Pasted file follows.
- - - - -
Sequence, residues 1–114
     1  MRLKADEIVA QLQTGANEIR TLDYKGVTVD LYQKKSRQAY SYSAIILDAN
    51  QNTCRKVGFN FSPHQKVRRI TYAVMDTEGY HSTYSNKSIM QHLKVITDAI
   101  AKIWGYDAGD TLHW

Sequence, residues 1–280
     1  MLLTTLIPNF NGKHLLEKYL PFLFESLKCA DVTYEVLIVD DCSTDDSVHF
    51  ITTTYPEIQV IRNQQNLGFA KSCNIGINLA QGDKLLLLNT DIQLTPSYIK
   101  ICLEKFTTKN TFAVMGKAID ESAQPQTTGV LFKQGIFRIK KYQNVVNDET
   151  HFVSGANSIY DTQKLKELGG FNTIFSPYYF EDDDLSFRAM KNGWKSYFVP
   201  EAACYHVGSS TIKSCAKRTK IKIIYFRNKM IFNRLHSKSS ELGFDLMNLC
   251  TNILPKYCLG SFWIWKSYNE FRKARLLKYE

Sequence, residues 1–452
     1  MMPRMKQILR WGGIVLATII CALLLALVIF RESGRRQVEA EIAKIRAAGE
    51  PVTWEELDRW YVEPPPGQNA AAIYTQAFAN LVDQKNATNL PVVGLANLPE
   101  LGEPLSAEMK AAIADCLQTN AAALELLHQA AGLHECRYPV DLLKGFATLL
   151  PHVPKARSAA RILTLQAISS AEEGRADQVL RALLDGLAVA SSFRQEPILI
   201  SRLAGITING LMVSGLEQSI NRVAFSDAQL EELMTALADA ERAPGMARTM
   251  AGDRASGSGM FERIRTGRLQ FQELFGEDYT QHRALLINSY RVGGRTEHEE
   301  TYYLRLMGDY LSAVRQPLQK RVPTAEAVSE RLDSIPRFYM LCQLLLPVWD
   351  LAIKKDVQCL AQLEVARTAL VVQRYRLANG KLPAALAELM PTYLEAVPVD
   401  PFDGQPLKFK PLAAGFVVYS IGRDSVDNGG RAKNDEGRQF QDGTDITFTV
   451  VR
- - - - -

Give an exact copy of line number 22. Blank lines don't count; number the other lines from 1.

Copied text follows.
   451  VR